by Carrie Baatz
“Everyone has an internal guide. If they follow it, it works.” Dr. Patricia Yeager likes to say that we choose our lives; we have a choice about how we will respond to all the people, events, opportunities and barriers that life presents us with.
As Chief Executive Officer at The Independence Center (The IC), Patricia uses her intuition to lead herself and her staff. She sees her role as an orchestra conductor, keeping the staff, volunteers, consumers and board all playing the same music. It’s not her music, she says. She creates a shared vision with input from her staff, consumers, and board members. “My favorite part of the job is getting people to talk about what they want to see happen. We create the score together.”
When she has succeeded, everyone knows their role and musical line, and they have the tools they need to play that score. Every line and stanza is honed and driven toward a single direction.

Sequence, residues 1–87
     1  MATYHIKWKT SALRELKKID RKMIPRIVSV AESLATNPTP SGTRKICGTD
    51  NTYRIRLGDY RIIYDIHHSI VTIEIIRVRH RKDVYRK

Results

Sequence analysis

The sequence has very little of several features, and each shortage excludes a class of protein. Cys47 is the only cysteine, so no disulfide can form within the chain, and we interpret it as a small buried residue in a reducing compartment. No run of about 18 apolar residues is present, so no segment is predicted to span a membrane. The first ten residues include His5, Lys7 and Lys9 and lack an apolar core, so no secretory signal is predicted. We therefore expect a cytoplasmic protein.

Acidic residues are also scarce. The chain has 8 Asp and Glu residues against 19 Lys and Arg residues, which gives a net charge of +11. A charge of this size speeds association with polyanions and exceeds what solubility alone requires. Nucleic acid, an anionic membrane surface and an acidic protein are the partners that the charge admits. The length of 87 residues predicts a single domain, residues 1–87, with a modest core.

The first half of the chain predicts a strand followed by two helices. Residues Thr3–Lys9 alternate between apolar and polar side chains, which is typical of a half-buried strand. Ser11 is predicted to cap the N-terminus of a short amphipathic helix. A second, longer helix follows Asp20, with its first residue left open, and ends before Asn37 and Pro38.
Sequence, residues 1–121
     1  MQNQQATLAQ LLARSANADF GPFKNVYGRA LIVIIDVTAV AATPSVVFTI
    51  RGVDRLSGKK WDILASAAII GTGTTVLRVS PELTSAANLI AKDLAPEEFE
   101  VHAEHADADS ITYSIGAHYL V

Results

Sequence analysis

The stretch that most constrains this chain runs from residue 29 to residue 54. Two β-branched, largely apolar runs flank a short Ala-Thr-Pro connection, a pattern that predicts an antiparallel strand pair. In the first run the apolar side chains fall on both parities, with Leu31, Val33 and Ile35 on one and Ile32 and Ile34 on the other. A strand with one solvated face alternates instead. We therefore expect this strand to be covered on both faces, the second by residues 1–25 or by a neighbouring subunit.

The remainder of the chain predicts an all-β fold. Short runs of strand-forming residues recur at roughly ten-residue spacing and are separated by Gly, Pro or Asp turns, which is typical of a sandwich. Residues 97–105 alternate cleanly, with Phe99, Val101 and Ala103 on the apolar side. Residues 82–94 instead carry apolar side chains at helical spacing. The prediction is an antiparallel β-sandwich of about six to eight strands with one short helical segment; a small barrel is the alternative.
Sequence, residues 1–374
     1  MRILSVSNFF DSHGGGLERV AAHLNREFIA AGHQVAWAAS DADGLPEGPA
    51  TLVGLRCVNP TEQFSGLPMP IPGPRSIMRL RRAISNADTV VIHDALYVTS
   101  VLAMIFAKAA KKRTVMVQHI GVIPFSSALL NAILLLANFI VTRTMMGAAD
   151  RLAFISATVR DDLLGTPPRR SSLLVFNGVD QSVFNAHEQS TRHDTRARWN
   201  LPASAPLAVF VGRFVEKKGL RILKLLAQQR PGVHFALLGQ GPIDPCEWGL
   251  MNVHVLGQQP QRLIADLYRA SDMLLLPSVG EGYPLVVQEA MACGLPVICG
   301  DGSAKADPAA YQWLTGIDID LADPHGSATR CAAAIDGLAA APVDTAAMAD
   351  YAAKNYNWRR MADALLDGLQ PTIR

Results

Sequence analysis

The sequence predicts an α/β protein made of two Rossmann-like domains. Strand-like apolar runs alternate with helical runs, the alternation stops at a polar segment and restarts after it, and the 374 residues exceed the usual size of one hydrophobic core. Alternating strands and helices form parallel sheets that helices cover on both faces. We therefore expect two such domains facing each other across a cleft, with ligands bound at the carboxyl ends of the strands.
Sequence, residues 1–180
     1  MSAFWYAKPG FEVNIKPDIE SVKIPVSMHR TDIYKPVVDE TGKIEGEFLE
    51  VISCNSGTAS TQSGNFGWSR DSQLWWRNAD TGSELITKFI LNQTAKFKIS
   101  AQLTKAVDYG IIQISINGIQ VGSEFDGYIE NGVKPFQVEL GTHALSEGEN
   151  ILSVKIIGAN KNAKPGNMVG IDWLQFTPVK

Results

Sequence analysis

“I’m not exactly in charge of everything,” she says. Being an effective leader means gaining buy-in from the people you are working with, a skill Patricia credits to her father’s influence.
When she was growing up, her parents owned a grocery store, and one day, she heard her father talking to one of the boys who was stocking the shelves. He asked the boy what he thought of the layout and how he would arrange it. She later said to her father, “Why don’t you just do it yourself, or tell him how to do it?” Her father answered, “If people can’t contribute, then they don’t have buy in, and their work may not accomplish the goal.” That has stuck with her throughout her life.